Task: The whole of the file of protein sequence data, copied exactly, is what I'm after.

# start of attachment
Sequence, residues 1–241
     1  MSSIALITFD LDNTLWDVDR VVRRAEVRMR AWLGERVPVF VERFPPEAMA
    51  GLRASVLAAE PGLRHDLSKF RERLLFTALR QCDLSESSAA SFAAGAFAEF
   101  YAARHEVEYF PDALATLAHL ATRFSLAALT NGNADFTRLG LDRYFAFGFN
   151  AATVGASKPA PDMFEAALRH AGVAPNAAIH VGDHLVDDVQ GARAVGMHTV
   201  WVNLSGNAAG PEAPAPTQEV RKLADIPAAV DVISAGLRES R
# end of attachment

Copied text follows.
Sequence, residues 1–241
     1  MSSIALITFD LDNTLWDVDR VVRRAEVRMR AWLGERVPVF VERFPPEAMA
    51  GLRASVLAAE PGLRHDLSKF RERLLFTALR QCDLSESSAA SFAAGAFAEF
   101  YAARHEVEYF PDALATLAHL ATRFSLAALT NGNADFTRLG LDRYFAFGFN
   151  AATVGASKPA PDMFEAALRH AGVAPNAAIH VGDHLVDDVQ GARAVGMHTV
   201  WVNLSGNAAG PEAPAPTQEV RKLADIPAAV DVISAGLRES R